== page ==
In this page-turning and affecting fiction debut, a Harvard freshman becomes obsessed with her schizophrenic brother’s suicide. Then she starts hearing voices….

Cadence Archer arrives on Harvard’s campus searching for answers about her brother, a schizophrenic genius who leapt from his dorm room window the year before. Eric’s brilliance overshadowed Cady growing up, but she worshipped and adored him–even as he became more unstable, retreating deeper into his secretive work on multidimensional spacetime and isolating himself from everyone around him. Losing Eric has left a black hole in Cady’s life, and while her choice to walk the same path threatens to break her family apart, she is driven to know why Eric killed himself.

As Cady struggles under the enormous pressure that comes with being at Harvard, she begins to investigate her brother’s life on campus. What was it that caused Eric to spiral into an irretrievable madness–the paranoia, the delusions, the illusory enemies–after he had been doing so well? Soon, her prying turns up clues that grow increasingly sinister.

And then, as her suspicions mount, Cady begins to hear voices herself: three ghosts that walked the hallowed halls of Harvard, each from a different era of American history. That’s when the panic sets in. Does she share Eric’s illness, or are these voices real? And if she listens to these ghosts, will they lead to her brother–and the truth–or will they lead her down a path of her own destruction?

Read an Excerpt


Ghosts of Harvard is written with a masterly, focused hand, belying the fact that this is Serritella’s debut novel. The pages burn with frenetic energy and are peopled by memorable, compelling characters. The tension is palpable, the twists and surprises perfectly timed and the stakes as high as humans should be asked to endure. The end result, a novel you will long remember and characters you will want to see again. A triumph in every respect.”
— #1 New York Times bestselling author David Baldacci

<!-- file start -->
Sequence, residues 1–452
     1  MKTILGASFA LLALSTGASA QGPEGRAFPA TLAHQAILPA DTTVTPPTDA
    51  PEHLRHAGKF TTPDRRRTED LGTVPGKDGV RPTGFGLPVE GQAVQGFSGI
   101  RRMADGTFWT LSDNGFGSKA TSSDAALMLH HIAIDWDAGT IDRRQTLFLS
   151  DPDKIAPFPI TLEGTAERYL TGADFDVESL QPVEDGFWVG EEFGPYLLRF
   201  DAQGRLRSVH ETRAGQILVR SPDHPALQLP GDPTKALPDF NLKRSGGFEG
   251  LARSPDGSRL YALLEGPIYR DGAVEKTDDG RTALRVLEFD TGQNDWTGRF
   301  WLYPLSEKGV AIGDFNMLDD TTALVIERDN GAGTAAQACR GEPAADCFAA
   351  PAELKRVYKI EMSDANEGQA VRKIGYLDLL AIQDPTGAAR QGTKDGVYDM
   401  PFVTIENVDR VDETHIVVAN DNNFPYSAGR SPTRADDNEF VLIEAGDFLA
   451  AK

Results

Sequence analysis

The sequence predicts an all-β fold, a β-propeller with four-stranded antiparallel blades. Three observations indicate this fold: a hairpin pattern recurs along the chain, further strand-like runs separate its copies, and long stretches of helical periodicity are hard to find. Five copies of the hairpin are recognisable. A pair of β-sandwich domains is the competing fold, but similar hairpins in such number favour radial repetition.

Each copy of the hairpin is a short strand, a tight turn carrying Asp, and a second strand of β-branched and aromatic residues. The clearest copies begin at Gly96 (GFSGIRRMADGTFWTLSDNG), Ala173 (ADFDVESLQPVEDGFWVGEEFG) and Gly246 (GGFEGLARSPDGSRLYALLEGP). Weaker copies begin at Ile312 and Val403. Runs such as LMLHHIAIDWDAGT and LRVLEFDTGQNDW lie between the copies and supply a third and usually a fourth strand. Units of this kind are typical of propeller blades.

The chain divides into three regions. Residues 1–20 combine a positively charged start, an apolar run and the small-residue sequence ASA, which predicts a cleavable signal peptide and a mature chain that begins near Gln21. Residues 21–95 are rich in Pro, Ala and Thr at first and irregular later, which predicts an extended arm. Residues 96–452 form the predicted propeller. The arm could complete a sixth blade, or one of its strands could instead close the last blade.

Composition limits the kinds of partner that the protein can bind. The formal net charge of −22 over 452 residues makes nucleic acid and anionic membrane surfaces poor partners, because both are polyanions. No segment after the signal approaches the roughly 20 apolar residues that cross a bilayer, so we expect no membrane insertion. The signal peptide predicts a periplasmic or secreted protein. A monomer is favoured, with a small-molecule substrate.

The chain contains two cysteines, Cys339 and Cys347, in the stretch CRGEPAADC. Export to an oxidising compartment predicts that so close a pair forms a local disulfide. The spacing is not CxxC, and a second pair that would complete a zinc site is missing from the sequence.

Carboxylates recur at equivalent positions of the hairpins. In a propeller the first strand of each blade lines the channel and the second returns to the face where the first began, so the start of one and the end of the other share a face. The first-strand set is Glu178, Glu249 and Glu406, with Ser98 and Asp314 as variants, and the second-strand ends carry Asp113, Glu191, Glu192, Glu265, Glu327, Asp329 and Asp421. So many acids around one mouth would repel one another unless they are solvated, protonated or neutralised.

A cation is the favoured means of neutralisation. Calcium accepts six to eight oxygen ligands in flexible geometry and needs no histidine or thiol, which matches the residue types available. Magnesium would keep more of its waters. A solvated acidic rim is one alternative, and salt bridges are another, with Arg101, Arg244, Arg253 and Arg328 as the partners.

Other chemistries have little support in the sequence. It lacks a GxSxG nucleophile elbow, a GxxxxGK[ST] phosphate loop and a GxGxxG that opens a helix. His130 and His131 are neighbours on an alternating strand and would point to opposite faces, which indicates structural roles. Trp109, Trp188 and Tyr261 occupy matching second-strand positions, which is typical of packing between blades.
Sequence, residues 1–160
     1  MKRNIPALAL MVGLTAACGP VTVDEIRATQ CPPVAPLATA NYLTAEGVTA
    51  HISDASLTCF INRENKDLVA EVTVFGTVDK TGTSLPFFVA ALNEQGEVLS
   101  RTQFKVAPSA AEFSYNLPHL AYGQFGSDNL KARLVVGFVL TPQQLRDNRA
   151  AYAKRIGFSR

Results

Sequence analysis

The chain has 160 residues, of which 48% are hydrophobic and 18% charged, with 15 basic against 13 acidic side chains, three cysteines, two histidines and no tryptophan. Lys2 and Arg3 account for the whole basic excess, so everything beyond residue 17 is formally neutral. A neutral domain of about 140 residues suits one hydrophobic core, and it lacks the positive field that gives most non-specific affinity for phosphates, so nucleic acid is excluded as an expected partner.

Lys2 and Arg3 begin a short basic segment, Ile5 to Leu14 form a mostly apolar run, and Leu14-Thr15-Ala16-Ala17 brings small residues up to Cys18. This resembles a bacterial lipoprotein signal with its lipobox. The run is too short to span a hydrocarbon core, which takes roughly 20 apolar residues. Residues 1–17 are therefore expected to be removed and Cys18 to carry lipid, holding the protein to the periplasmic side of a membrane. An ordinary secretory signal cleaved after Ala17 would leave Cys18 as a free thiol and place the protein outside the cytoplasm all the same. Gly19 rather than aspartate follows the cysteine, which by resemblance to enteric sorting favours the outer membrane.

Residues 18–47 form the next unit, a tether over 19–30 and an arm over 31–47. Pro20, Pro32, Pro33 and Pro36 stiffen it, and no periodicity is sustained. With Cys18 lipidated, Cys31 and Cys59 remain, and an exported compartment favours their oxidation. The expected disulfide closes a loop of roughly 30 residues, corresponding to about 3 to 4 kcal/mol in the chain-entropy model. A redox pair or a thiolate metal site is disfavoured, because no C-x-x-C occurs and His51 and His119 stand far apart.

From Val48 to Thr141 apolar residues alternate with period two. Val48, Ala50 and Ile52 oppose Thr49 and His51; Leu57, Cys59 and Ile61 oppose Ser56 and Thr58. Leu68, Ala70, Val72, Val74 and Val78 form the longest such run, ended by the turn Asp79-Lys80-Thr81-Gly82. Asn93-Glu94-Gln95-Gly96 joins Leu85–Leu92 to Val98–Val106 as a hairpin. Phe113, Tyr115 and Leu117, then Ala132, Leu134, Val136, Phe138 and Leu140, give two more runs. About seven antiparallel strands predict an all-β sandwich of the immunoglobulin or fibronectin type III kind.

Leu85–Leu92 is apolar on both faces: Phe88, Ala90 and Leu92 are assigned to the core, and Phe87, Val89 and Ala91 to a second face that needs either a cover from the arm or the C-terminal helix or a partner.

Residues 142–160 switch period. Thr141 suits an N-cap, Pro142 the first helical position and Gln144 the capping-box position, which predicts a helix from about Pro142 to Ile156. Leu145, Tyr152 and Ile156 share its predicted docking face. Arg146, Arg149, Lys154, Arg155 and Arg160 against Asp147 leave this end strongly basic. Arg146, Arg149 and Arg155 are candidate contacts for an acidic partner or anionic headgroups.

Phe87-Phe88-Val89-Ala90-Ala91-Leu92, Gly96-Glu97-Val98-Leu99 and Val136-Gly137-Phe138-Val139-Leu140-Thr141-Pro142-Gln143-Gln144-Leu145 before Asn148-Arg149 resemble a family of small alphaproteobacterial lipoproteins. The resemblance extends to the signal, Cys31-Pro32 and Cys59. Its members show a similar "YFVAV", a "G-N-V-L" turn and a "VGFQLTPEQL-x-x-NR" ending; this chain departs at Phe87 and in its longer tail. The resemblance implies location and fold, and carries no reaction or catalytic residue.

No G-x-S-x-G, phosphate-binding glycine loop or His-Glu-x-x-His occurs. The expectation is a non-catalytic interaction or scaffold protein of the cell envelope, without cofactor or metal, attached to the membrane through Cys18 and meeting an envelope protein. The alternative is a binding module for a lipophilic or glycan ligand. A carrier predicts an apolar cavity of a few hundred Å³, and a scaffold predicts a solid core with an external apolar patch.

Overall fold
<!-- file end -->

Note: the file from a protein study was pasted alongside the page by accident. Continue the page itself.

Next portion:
“Wow, what a lively, compelling, and intoxicating debut. Ghosts of Harvard is so many things—a rumination on grief, a glimpse behind the ivory walls of a famous institution, a poignant look at mental illness, and a powerful story about the ghosts that haunt us all. Francesca Serritella is my new ‘go-to’ author.”
— #1 New York Times bestselling author Harlan Coben
“Every time I thought I knew where Ghosts of Harvard was heading, I turned out to be wrong. Part mystery, part ghost story, part psychological thriller, this novel is all entertainment.”
— #1 New York Times bestselling author Jodi Picoult
Ghosts of Harvard is a wrenchingly beautiful book. With immense heart and unwavering empathy, Francesca Serritella explores the legacy of loss and the mystery of family. It’s one of those rare novels that spirits you to a deeper understanding of your own life, one of those stories whose voice you’ll continue to hear long after you’ve turned the last page.”
— Bret Anthony Johnston, internationally bestselling author of Remember Me Like This
“Serritella has created a sensitive and searching tale about the courage and fortitude of a smart young woman in mourning and in peril.”
“There are not too many young writers with the assurance and skill to craft 469 pages of mesmerizing prose. It should be an easy hand sell.”
— Pamela Klinger-Horn, Excelsior Bay Books
“A book as generous in size as in the richly drawn characters in the dramatic, slow-burning story that leads to a stunning revelation (actually two) against a backdrop of Harvard University. This is a remarkable and assured first novel.”
— Barbara Peters, The Poisoned Pen
“Unexpected twists and turns make this unputdownable.”
— Susan Kehoe, Browseabout Books
“I could not put this novel down and read for 2 days straight only taking “breaks” to sleep and eat. Absolutely outstanding and a novel that will stay with me FOREVER!!! Serritella has written a novel that I will put in the hands of every reader I see.”
— Marissa Gothie, Barnes & Noble
“It’s tight, it’s fresh and it’s a very accomplished debut novel.”
— Carol Fitzgerald,

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